gifted preschooler

Discussion in 'Preschool' started by ad65shorty, Nov 3, 2007.

  1. ad65shorty

    ad65shorty Companion

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    Nov 3, 2007

    Okay, this is a personal question, but I really need some advice! I'm just not sure what to do. I have a three-year-old son (turned 3 in August). He is very bright. Part of that, I credit to being in my home preschool since he was an infant. I do not have him enrolled in a preschool this year because I thought it was critical that he stayed home one year with me while I did not teach preschool. We do "school" every day though, which is something we both look forward to. Here's my dilemma, and I just need some professional advice. My son knows all of his letters and sounds. He has a lot of those pre-reading skills mastered, such as rhyming, "pretending" to read, "pointing" at words while reading, etc. The other day he surprised me by saying, "Buh, buh, blue. What starts with blue? B!" and has continued with that this week. He catches on to everything quickly and has an amazing memory. I feel like if I worked with him--at his pace, of course--he would be able to blend sounds and begin reading. But my husband and I decided to wait on that so he has something to learn when he does finally go to school (namely kindergarten). We don't want him to be bored. But lately, I feel like I'm stifling him by not progressing to the next stage I feel like he's ready for. Advice?! Should I continue to do alphabet activities to "solidify" his knowledge and hope he doesn't get bored? Or should I move on to the next step now and hope he doesn't get bored in the future? Or is there something else I can do that's in between that I just haven't thought of?! Please HELP!!!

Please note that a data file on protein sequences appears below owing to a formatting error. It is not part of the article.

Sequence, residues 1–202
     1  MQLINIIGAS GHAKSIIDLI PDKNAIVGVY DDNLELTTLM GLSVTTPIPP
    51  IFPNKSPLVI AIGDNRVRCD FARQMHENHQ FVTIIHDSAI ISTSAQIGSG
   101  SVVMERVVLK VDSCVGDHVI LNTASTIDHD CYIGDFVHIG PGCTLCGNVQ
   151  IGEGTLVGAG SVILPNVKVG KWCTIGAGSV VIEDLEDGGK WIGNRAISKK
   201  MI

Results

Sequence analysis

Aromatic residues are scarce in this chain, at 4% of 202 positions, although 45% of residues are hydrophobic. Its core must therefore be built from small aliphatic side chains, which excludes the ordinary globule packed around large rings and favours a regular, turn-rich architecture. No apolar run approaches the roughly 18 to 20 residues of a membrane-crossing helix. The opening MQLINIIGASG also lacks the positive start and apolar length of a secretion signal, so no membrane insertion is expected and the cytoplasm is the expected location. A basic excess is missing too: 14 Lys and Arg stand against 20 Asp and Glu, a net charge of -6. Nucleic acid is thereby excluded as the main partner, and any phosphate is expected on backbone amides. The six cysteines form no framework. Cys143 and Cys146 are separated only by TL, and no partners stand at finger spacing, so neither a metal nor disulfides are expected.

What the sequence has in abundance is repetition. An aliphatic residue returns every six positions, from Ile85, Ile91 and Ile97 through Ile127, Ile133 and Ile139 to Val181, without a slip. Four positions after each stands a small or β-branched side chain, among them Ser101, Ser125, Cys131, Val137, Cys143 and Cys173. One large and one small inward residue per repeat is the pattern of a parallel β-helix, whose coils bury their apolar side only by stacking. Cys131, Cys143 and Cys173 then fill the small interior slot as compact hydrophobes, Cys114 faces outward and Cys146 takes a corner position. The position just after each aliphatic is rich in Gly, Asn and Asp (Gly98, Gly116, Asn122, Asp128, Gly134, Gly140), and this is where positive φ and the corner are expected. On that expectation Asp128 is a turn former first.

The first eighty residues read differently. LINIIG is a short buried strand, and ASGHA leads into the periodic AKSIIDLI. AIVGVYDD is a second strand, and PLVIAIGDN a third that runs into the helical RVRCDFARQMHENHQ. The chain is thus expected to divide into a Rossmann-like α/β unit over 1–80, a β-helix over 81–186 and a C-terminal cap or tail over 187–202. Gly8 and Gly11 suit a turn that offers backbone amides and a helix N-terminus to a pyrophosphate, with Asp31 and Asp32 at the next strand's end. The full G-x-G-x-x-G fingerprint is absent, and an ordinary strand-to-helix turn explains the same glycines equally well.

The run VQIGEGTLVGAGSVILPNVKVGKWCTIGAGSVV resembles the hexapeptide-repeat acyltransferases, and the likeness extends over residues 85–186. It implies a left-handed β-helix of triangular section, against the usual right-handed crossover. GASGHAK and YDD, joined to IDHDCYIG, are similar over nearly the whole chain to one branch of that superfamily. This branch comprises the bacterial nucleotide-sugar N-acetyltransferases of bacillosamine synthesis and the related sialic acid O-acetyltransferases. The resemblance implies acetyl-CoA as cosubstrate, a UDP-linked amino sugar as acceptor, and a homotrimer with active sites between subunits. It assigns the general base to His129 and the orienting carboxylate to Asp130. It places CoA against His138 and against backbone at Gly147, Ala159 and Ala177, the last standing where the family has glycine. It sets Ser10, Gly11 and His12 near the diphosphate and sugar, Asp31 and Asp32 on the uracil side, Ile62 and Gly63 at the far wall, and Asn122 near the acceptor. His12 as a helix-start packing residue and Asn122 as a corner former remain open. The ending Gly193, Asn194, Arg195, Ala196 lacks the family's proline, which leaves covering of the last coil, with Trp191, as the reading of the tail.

*sorry this is so long*
     
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  3. MissScrimmage

    MissScrimmage Aficionado

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    Nov 3, 2007

    If he is ready, then teach him! Children should learn at their own pace. Why does he need to wait until kindergarten? If he is already showing signs and he WANTS to learn, then please do not hold him back. There will be plenty for him to do when he gets to kindergarten.
     
  4. smyl

    smyl Rookie

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    Nov 4, 2007

    I agree, if anything exposing him to any information will help solidify his knowledge of subject once he is presented with it again. I expose my preschoolers to all the dolch sight words. I don't expect them to learn them, however, the kinder teachers have told me that many of my ex students tell them "oh I remember that word, I learned it in Pre-k"
     
  5. slickchik

    slickchik Rookie